Whilst unborn, inside the womb of my mother, a local radio station entered the ward searching for the baby with the strongest heartbeat to broadcast, live, on air to raise money for a babies charity. I was chosen. The recording of this event was archived for 29 years. Now through my practice, I construct a response method to not only the event of which I have imaginary memories, but the experience now of correlating with my unborn self through the medium of pulse, with the present me. I work with my current and born heartbeat in conjunction with my unborn one. Searching for the experience of arrhythmic displacement, sense of poly – rhythm through the tactile and hypothesising the implications of frequent exposure to evidence of my unborn self. The method is heading towards a simple premise – one heart two beats. Two pulses coming from the same source. How would my present heartbeat react to another? Would it recognise itself?
First response recorded in CAC Brighton 2014 as part of the Locked out residency curated by Beth Troakes. Lack of functional equipment, electricity running from a car battery and organisational city stress, resulted in the above film footage, the first response. Dynamic microphone held in mouth to monitor breathing, physical movement and excitation of body to modulate.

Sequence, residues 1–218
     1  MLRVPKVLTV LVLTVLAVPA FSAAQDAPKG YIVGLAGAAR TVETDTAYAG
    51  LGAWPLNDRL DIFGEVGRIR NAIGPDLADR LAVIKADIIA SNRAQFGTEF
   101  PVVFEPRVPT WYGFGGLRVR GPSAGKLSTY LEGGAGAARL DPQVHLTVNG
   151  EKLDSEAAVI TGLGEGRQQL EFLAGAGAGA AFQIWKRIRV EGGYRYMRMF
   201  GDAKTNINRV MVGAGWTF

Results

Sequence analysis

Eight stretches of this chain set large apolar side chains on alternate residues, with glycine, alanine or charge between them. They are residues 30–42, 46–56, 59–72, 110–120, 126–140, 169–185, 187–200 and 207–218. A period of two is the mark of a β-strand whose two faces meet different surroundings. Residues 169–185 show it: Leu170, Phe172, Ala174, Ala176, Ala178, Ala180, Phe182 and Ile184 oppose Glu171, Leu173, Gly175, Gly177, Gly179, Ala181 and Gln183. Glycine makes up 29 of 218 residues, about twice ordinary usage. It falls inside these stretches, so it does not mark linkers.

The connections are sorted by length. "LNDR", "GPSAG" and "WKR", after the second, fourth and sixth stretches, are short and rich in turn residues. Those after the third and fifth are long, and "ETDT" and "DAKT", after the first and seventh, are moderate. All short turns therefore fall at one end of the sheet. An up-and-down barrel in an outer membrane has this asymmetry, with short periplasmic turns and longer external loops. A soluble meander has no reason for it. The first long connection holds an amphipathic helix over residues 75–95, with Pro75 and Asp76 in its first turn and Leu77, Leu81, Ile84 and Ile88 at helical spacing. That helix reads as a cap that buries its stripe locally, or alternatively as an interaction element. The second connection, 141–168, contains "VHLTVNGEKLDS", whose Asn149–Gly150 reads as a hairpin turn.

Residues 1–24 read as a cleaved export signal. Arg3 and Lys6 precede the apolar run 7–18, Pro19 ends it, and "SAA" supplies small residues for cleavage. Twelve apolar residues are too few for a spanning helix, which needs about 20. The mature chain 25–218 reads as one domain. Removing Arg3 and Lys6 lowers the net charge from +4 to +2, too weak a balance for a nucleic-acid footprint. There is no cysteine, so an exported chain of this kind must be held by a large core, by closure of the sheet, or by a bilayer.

Research in the new discipline of neurocardiology shows that the heart is a sensory organ and a sophisticated center for receiving and processing information. The nervous system within the heart (or “heart brain”) enables it to learn, remember, and make functional decisions independent of the brain’s cerebral cortex. Moreover, numerous experiments have demonstrated that the signals the heart continuously sends to the brain influence the function of higher brain centers involved in perception, cognition, and emotional processing. In addition to the extensive neural communication network linking the heart with the brain and body, the heart also communicates information to the brain and throughout the body via electromagnetic field interactions. The heart generates the body’s most powerful and most extensive rhythmic electromagnetic field. Compared to the electromagnetic field produced by the brain, the electrical component of the heart’s field is about 60 times greater in amplitude, and permeates every cell in the body. The magnetic component is approximately 5000 times stronger than the brain’s magnetic field.
Final paragraph courtesy of Gregg Prescott M.S Editor In5d and the Heartmath Institute